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Thousands of people are waiting for life-saving organ transplants in Arizona

Officials say the need for organ donations remains high.

People frequently die waiting on an organ transplant.

According to Donate Life America, every 10 minutes another person is added to the organ waiting list while 22 people die each day waiting for that lifesaving transplant.

Dr. Eric Steidley, a cardiologist at Mayo Clinic, says people die waiting even before they get referred to a transplant center.

"Because people don't realize how sick someone is," Steidley said.

It's a harsh reality, one Ruben Aispuro knows all too well. 

Organ donations in Arizona

Aispuro is on the transplant list, and has been for a few months.

He's waiting for a heart.

But Aispuro is not alone. Thousands of people are waiting on life-saving organ donations.

There are more than 114,000 people waiting on organ transplants nationwide. More than 2,100 of them live in Arizona, according to the Donor Network of Arizona.

According to DNA, more than 50 percent of Arizonans are registered organ donors and 2018 marked the third-consecutive record-breaking year for donations.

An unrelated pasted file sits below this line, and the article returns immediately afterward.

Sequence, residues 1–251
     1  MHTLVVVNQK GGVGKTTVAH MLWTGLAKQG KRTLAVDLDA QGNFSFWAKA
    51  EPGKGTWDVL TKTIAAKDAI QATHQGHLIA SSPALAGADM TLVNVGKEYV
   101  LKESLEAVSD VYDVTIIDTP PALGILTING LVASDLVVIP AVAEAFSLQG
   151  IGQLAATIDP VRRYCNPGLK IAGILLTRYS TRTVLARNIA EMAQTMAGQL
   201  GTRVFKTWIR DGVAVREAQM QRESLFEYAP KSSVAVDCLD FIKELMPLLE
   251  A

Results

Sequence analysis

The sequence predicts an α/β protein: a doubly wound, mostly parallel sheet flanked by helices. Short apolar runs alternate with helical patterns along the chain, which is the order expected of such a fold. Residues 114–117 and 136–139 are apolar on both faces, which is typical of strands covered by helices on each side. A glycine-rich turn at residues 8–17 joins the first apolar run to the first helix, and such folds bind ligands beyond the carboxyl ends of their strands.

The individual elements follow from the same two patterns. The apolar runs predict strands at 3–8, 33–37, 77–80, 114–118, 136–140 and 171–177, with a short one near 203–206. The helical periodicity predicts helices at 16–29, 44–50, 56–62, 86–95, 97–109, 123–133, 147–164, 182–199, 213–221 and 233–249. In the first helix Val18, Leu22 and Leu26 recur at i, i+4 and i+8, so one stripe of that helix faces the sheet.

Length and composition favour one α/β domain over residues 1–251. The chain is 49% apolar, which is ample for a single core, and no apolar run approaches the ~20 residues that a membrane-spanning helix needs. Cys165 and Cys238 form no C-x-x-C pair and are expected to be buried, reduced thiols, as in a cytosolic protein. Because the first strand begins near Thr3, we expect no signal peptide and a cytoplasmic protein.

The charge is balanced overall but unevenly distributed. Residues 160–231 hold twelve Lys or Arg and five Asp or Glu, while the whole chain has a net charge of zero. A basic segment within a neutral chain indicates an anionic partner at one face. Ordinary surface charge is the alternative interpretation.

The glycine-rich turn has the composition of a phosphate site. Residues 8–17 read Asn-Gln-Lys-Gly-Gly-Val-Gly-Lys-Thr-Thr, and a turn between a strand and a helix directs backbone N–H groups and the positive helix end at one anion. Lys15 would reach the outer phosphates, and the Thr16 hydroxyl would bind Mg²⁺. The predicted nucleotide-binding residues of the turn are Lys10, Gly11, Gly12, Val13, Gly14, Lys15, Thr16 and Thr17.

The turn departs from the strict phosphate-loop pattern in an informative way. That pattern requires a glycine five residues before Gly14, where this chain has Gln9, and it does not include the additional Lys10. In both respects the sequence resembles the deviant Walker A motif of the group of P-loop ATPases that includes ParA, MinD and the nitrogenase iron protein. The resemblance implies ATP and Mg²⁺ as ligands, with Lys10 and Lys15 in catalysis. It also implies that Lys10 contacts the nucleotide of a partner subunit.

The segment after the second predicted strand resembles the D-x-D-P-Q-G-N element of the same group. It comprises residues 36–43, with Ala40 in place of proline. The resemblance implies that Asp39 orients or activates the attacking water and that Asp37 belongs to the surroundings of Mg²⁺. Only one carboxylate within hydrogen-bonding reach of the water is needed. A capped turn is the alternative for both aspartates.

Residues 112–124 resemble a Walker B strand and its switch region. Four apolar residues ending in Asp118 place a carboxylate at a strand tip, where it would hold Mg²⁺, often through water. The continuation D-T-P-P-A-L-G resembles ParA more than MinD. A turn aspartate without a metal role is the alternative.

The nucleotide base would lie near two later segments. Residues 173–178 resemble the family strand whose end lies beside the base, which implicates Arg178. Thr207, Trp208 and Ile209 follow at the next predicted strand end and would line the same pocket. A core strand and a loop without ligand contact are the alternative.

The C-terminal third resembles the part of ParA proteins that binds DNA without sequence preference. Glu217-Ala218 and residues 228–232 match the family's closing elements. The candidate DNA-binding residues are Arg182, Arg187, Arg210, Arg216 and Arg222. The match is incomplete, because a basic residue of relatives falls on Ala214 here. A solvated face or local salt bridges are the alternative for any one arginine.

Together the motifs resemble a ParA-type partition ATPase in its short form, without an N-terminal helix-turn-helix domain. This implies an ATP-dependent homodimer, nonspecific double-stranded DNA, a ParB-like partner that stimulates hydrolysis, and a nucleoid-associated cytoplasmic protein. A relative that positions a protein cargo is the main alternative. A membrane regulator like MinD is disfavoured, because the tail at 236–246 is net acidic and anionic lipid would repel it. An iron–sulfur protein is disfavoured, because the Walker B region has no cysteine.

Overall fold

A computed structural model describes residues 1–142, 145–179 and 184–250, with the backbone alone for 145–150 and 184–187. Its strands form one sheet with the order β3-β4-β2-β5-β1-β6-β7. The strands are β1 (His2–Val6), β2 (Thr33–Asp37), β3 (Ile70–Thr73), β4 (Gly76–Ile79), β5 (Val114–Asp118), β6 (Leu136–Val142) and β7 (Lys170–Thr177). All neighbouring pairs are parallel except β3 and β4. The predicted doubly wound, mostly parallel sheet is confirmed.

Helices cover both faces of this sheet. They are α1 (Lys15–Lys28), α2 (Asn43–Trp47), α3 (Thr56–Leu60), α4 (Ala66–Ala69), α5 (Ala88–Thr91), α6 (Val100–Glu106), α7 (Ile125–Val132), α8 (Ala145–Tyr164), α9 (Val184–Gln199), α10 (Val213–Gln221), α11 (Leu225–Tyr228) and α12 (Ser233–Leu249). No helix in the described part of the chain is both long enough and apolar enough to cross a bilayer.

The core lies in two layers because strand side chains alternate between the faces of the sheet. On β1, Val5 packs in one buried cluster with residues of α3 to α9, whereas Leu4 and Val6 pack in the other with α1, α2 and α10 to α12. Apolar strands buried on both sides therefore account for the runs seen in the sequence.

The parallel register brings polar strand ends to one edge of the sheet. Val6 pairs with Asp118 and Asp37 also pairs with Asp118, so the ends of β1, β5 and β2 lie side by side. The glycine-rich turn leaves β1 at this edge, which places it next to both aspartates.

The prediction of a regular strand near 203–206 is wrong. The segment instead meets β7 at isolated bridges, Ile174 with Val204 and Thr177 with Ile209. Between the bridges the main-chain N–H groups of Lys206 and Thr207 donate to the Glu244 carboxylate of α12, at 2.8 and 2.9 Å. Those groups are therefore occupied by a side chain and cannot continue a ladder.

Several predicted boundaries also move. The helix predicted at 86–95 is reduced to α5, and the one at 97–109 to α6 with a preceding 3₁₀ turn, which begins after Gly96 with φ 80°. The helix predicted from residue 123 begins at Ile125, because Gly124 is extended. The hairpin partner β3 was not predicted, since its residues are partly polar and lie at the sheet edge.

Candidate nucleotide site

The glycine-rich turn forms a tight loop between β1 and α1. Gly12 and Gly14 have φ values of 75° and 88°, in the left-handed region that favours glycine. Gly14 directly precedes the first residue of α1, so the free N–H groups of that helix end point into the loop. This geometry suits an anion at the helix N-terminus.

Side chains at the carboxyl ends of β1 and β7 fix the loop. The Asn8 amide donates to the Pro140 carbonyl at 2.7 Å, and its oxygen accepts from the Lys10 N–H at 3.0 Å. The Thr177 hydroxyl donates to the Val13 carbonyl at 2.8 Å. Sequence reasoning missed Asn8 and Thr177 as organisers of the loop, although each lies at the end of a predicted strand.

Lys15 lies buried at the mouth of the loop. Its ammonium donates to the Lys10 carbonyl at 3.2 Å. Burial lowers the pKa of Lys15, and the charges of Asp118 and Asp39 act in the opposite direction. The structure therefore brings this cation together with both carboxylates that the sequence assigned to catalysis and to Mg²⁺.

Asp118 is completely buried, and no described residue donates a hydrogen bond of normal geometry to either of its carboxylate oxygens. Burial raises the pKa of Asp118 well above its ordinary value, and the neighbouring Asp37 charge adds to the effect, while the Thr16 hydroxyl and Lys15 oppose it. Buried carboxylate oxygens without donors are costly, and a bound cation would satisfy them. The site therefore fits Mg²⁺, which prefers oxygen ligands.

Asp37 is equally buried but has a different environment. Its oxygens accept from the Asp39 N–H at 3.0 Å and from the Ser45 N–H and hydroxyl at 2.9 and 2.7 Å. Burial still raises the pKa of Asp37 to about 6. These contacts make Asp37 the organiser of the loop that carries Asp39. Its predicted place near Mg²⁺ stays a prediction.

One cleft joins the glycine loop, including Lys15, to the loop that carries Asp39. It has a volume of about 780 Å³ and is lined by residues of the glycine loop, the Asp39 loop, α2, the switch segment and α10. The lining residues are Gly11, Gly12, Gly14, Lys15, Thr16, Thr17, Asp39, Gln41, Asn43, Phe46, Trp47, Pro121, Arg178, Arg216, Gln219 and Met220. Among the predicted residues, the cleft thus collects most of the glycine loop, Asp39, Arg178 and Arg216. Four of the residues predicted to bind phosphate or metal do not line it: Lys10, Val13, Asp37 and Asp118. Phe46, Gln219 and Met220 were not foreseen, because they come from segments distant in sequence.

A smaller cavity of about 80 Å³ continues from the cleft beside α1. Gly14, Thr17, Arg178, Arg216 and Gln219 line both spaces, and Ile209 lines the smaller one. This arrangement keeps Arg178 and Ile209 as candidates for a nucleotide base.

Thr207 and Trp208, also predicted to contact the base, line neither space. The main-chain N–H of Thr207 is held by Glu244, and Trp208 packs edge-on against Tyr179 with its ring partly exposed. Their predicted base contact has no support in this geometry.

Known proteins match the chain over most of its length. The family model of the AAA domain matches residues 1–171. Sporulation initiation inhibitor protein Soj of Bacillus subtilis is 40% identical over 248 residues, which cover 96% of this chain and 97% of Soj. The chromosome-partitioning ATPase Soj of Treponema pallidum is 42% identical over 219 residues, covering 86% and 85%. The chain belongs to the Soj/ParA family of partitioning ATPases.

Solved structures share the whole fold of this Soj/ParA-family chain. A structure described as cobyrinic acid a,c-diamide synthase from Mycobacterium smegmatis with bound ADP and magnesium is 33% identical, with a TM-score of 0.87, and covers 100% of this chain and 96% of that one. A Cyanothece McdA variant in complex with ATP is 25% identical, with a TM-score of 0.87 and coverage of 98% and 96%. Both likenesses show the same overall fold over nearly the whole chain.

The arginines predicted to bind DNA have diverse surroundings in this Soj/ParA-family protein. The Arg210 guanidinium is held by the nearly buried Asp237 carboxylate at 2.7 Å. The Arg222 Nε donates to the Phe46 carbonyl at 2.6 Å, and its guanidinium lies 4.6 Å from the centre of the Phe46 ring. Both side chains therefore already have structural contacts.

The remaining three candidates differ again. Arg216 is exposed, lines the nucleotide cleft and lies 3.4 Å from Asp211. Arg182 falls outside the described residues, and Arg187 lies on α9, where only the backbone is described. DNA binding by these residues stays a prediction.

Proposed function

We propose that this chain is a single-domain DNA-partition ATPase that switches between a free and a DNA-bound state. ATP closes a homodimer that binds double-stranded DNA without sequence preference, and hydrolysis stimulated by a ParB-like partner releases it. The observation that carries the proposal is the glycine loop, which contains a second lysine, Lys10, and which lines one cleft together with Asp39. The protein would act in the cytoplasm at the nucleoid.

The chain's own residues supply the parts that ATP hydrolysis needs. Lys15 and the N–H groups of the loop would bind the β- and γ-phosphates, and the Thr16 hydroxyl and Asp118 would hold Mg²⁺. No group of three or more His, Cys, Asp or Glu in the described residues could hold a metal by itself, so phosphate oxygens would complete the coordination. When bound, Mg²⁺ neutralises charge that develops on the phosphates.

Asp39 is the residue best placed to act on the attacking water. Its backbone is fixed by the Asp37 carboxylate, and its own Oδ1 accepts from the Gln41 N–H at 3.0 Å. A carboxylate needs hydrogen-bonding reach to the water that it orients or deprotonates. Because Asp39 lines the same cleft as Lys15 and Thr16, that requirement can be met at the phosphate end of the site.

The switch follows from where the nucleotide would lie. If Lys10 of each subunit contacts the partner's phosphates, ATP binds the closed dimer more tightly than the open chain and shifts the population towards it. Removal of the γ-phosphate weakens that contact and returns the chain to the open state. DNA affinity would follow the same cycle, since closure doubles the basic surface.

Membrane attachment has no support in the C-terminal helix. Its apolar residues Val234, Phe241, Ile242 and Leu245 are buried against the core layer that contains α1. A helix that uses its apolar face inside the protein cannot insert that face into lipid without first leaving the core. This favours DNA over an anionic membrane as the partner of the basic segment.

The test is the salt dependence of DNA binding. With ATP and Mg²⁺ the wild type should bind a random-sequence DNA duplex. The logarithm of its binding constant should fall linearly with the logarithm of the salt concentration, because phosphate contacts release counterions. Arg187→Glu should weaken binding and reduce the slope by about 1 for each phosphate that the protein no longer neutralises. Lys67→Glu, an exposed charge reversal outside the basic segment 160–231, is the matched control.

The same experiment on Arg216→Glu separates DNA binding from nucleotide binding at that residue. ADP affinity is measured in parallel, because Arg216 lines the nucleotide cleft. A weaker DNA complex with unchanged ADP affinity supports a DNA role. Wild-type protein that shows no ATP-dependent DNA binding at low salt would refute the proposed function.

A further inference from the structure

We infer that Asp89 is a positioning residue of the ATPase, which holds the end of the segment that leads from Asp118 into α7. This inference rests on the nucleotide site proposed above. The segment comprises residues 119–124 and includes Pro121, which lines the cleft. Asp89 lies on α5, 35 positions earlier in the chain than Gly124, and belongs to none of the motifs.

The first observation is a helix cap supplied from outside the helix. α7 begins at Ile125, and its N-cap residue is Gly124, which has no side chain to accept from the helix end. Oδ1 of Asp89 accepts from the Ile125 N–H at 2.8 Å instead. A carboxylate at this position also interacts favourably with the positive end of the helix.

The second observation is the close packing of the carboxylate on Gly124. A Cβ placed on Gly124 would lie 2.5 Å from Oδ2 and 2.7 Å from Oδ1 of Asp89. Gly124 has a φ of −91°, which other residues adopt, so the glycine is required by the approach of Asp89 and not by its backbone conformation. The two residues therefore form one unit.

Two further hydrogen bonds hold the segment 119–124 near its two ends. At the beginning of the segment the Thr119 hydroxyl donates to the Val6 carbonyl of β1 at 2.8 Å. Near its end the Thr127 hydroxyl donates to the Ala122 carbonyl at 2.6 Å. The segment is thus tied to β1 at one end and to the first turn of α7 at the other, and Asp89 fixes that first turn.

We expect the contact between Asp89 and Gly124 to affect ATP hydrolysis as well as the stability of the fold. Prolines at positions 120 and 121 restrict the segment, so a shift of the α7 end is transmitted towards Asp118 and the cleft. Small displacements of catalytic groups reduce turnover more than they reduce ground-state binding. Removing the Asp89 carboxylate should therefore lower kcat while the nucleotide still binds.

DNA says 283 organ were donated and 1,417 tissue donations were made while nearly 300,000 Arizonans were added to Arizona's registry.

"779 lives were saved," DNA says.

Why is it important?

Put simply? Donations save lives and the need for them is great, according to DNA.

For people like Aispuro, an organ donation quite literally means the difference between him watching his children grow up and that harsh reality mentioned earlier.

And it just takes one donor to make a huge impact.

According to DNA, each donor has "the potential to save up to eight lives."

How can I register to be an organ donor in Arizona?

Arizonans register to be organ donors when applying for or renewing their driver's license.

It's as simple as checking the appropriate box on the application. It can be done online when ordering a new license, according to ADOT.

According to DNA, there are no health or age requirements and the organization "assumes all expenses related to organ and tissue donation."

"There is no cost to the family," DNA's website says.